Kansas Supreme Court
CRIMINAL PROCEDURE—EVIDENCE—JURY INSTRUCTIONS
STATE V. MORRIS
SEDGWICK DISTRICT COURT—AFFIRMED
NO. 119,911—MAY 15, 2020
FACTS: Jury convicted Morris of charges including both first-degree premeditated murder and alternative charge of first-degree felony murder, aggravated kidnapping, and aggravated battery. On appeal, he claimed district court erred in refusing to give a requested instruction on voluntary intoxication, and in admitting gruesome photographs of victim’s partially decomposed body that had been exposed to damage from animals. Morris also claimed cumulative error denied him a fair trial.
ISSUES: (1) Jury instructions—voluntary intoxication; (2) gruesome photographs; (3) cumulative error
HELD: District court did not err in denying Morris’ request for a voluntary intoxication instruction. While the requested instruction would have been a legally available defense to Morris’ first-degree murder charge and conviction, such an instruction was factually inappropriate because insufficient evidence supported that defense in this case.
District court did not abuse its discretion in admitting photographs of victim’s body. Because Morris’ argument clearly fails on the merits, no need to determine State’s argument that Morris failed to properly preserve this issue by failing to lodge a specific objection to the 12 photographs admitted. A few of the admitted photographs may have been repetitive, and many may have been gruesome, but they were relevant and admissible to show the manner and violent nature of victim’s death and to corroborate testimonies of witnesses having credibility issues.
No error supports Morris’ claim of cumulative error, and evidence against Morris was overwhelming.
STATUTES: K.S.A. 2016 Supp. 21-5205(b), -5408, -5413; K.S.A. 60-401(b), -404, -445
Kansas Court of Appeals
ATTORNEY FEES—JURY TRIAL—REMEDY
HARDER V. ESTATE OF FOSTER
LEAVENWORTH DISTRICT COURT—AFFIRMED AND REMANDED
NO. 118,845—MAY 15, 2020
FACTS: The case arises out of a real estate dispute between Evelyn Harder and Ronald Foster. In 2013, a jury found Foster guilty of negligent misrepresentation, intentional misrepresentation, and breach of contract. The real estate contract included a provision which required a party who breached the contract to pay attorney fees that the nonbreaching party incurred in connection with the default. The district court awarded Harder fees for the initial litigation but denied her motion for fees incurred while attempting to finalize the decision and journal entry. After this trial, Harder filed a second suit against Foster and his children, claiming that Foster fraudulently transferred all proceeds from the property sale to his family members, leaving him unable to pay Harder's judgment. Foster died during this litigation. His estate paid the judgment in full and the district court dismissed the action on summary judgment, finding that the payment extinguished any of Harder's claims. Harder's motion for attorney fees and costs was denied. These decisions were upheld on appeal except the panel determined the district court erred by denying Harder's motions for attorney fees and expenses in the 2013 case. The panel remanded the 2015 case to allow the district court to determine whether Harder could prove an exception to the American rule which requires parties to bear their own litigation costs unless a statute or contract expressly authorizes such an award. The district court's factfinding was limited to Harder's third-party claims. On remand, Harder claimed that she had a right to have a jury decide attorney fees and expenses for both the 2013 and 2015 cases. The district court disagreed, and the Court of Appeals granted Harder's application for an interlocutory appeal.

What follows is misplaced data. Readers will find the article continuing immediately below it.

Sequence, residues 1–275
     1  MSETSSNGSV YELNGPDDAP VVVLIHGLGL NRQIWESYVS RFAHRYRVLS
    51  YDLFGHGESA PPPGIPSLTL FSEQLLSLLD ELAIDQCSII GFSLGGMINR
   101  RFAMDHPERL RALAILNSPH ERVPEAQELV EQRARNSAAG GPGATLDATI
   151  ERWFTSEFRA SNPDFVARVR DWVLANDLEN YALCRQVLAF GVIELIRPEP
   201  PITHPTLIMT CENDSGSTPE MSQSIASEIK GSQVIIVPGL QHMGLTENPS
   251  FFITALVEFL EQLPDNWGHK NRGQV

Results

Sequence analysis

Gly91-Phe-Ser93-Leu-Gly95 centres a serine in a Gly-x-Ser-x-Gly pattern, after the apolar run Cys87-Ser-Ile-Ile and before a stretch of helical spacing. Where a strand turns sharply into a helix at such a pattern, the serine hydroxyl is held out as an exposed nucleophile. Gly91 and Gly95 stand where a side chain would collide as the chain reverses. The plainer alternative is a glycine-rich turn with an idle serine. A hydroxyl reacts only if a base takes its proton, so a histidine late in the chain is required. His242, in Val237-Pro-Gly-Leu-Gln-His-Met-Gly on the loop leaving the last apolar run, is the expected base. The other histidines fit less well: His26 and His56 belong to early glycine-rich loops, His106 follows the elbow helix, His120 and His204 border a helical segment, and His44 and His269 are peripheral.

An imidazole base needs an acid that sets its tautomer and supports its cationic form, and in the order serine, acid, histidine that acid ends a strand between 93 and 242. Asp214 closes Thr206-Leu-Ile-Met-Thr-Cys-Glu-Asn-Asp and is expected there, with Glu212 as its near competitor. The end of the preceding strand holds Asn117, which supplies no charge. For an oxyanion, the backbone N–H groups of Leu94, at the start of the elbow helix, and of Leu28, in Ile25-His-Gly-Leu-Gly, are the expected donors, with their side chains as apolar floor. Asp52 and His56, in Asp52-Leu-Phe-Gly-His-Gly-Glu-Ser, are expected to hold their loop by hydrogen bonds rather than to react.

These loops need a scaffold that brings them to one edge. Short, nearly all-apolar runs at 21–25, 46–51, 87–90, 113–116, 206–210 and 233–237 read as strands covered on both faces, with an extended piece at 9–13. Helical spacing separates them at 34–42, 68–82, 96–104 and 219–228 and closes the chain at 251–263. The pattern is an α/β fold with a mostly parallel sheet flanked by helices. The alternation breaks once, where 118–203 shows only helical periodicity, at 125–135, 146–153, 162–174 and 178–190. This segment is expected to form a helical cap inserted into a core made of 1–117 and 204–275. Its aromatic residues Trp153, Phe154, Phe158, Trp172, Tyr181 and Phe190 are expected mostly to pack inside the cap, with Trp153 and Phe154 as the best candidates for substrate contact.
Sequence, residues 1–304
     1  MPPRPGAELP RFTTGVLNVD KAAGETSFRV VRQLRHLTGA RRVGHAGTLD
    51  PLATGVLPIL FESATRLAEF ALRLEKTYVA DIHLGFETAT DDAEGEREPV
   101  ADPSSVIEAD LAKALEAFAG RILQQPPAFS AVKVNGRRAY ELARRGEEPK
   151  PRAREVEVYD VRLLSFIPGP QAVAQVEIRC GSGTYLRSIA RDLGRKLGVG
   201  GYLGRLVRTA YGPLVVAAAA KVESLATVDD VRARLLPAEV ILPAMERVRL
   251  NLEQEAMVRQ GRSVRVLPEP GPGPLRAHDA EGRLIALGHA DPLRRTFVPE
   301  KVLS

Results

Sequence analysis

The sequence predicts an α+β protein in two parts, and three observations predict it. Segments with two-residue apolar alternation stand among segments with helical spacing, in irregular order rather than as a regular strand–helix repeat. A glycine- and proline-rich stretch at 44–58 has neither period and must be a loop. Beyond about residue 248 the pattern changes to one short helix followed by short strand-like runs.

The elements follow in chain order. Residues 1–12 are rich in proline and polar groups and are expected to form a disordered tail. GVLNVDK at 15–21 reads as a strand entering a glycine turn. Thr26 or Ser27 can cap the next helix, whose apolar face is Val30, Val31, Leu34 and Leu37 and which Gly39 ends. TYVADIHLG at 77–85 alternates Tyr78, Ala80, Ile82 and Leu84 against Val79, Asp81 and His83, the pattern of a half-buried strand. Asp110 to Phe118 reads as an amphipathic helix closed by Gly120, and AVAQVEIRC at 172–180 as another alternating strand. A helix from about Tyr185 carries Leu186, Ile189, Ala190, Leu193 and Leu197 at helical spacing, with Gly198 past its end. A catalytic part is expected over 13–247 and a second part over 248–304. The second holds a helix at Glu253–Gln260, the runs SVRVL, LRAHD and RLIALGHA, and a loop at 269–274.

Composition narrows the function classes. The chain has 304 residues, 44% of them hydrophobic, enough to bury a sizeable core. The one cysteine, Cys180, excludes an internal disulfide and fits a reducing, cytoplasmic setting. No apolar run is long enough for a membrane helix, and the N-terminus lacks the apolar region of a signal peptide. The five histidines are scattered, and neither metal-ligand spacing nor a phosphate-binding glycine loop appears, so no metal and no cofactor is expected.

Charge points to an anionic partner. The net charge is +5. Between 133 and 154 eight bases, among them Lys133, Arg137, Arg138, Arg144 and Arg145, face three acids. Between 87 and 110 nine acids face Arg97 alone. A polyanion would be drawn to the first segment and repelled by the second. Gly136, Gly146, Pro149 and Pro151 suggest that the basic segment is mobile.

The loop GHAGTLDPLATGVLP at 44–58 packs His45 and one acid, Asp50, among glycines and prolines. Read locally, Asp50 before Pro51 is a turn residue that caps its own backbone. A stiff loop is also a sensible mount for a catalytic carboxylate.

ISSUES: (1) Jury trial for attorney fees; (2) fees for 2013 case; (3) fees for 2015 case
HELD: The right to a jury trial in a civil action is not absolute. It is only guaranteed if such a right existed at common law at the time the Kansas constitution was adopted in 1859. There was no right to recover attorney fees at common law, and Kansas follows the American rule where fees are not awarded unless there is a statute or contractual provision so requiring. Kansas does recognize the third-party litigation exception to the American rule, but that exception did not exist in 1859. Accordingly, there is no right under the Kansas constitution to have a jury determine attorney fees and expenses. The 2013 judgment has been satisfied in full. Harder voluntarily chose not to present her attorney fees claim to the jury; her attorney expressly asked the trial court to resolve the matter, arguing in a pleading that the question of fees and expenses arising out of the real estate contract was not a jury decision. The error Harder now claims was invited by her counsel before the district court, and she is not entitled to relief. The prior decision on the 2015 case is upheld. Harder is not entitled to have a jury decide whether an exception to the American rule exists which would allow her to recover attorney fees for third-party conduct.